Friday, April 01, 2011

Sin and self

Been thinking about sin. Or Sin, if you like. (It's Lent, after all.) In many ways it's an old-fashioned concept these days. It's also a word that is bandied about as an adjective in current thought, when applied to instances of badness - but that's a use which seems to let too many of us off, in a way.

After all, I haven't murdered anyone, nor have I cheated anyone out of their rights, or their money, or their partner. I tend not to lie, and I try to avoid fruit with a big food-miles tag. Most of the people I live among could say the same, I'm sure - especially, surely, all the good folk in church. And yet every week, or more often if we're particularly pious, we admit to having sinned in "thought, word and deed". What do we think we have done? Do we think at all? Do we just say these words because they're there?

I still have a long way to go in this line of thought. But I wonder if perhaps sin is rooted in self-absorption - from the inability to walk in someone else's shoes, or the refusal to do so. And if you're a religious person, you might recognise that as something that ensures that God doesn't get a look in. Not really. And then there will be a long string of consequences ...



  1. Yes, essentially, sin is being orientated on the self and not on God. In serving God we ask - who is the person before me? How can I serve them? How can I be myself before them, and still respect my needs for safety? How can I learn to be more truly myself? How can I enable others in this situation (in the shop, on the bus, in the church) to be more fully themselves?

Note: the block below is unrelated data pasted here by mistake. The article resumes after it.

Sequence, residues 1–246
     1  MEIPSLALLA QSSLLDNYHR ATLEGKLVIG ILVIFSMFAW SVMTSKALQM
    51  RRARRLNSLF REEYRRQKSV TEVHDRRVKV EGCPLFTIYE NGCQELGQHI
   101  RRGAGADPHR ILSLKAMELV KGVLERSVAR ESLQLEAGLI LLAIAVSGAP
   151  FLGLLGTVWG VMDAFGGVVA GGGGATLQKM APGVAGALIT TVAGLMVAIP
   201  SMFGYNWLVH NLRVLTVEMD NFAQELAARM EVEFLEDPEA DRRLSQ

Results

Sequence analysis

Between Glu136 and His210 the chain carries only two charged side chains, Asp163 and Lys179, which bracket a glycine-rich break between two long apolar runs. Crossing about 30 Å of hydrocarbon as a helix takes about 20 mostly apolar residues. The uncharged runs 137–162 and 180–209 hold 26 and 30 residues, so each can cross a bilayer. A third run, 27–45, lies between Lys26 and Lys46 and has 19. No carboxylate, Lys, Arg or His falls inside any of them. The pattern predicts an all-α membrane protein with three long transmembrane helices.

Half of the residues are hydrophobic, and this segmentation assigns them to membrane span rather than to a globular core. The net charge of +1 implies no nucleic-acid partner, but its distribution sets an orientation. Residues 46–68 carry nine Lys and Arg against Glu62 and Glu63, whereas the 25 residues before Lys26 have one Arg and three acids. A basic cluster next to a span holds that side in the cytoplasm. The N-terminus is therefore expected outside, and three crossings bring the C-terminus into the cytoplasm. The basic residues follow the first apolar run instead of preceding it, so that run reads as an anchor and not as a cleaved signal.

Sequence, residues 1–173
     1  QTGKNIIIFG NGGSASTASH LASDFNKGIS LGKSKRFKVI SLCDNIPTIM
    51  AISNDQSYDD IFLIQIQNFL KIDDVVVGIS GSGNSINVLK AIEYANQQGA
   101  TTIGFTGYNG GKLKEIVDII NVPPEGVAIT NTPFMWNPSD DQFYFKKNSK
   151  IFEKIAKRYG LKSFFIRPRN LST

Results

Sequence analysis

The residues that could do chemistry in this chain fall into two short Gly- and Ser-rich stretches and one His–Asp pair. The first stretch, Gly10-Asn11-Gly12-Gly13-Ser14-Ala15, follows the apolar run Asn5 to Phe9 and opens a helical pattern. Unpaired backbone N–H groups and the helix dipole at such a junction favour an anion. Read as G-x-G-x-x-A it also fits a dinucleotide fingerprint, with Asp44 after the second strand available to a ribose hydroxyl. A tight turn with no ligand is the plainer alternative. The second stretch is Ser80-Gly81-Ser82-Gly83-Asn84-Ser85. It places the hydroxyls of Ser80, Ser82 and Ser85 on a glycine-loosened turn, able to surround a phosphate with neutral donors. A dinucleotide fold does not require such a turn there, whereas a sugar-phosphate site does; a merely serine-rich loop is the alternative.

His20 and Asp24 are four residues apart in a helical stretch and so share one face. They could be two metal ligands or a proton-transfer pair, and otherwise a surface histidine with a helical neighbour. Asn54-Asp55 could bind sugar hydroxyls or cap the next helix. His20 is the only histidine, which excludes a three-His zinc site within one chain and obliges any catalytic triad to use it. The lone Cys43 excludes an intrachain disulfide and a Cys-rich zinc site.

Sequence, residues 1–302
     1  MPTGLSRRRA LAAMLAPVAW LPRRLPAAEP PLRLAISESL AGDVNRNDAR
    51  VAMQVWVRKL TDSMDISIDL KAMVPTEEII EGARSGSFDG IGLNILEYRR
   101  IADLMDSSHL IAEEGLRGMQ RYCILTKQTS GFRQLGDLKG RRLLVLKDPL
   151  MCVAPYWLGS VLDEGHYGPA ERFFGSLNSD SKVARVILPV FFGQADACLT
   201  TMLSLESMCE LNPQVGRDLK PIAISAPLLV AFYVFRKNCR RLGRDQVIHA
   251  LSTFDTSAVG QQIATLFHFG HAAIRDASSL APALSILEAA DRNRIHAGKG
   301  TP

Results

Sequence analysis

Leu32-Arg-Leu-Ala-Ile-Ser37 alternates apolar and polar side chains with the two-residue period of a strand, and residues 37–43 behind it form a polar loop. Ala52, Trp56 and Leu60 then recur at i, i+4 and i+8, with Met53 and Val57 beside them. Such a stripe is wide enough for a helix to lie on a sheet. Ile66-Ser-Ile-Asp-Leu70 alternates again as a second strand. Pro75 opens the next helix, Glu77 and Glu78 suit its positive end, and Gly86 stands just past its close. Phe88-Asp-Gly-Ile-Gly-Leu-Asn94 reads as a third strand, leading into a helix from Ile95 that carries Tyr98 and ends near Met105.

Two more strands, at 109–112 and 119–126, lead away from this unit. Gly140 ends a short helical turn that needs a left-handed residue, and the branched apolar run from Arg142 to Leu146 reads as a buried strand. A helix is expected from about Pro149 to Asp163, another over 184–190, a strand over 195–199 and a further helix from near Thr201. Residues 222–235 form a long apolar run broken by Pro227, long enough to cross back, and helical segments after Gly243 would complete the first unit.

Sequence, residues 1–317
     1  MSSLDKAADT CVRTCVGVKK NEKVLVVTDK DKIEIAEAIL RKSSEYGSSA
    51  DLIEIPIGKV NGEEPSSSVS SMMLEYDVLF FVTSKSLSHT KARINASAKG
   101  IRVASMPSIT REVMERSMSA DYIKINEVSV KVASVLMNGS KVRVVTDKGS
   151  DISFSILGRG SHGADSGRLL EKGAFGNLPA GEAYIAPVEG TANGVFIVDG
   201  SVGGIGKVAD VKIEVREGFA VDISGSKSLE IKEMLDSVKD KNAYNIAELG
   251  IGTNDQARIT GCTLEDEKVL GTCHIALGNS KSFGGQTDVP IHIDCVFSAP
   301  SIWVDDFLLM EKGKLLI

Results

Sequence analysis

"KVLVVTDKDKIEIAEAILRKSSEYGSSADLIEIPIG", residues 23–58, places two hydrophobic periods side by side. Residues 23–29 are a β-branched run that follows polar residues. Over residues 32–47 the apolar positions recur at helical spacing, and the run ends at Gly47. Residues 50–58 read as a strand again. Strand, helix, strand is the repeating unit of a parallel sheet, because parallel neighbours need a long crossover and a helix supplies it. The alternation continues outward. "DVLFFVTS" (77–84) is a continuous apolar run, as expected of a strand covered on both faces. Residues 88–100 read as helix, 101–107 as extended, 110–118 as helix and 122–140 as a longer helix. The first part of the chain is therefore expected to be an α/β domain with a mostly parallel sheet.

In serving self, we ask, how can I impress this person? what can this person give me? Or more likely, we say 'That before me now is not really a person as I am a person. Their needs must go down before mine.' The saint says 'I' and 'thou' and the sinner says 'you object'.

  2. Yeah, I wondered much the same about "thought, word and deed".

    Self-absorption could well be the start of it, especially if one considers "and what we have failed to do" as pointing at failure to pay attention to injustices of systems bigger than oneself. (Spot the socio-liberal theological angle creeping in ;)

  3. Harry Williams offers another take on this: sin is simply the desire to remain in total control ourselves, because of our inability to trust God. I've found that helpful ever since reading it (though I can't remember which of his books it comes from).

  4. I'm finding all these comments illuminating and enlarging - thank you(s!)

    Wish one or two of my non-Christian readers would contribute...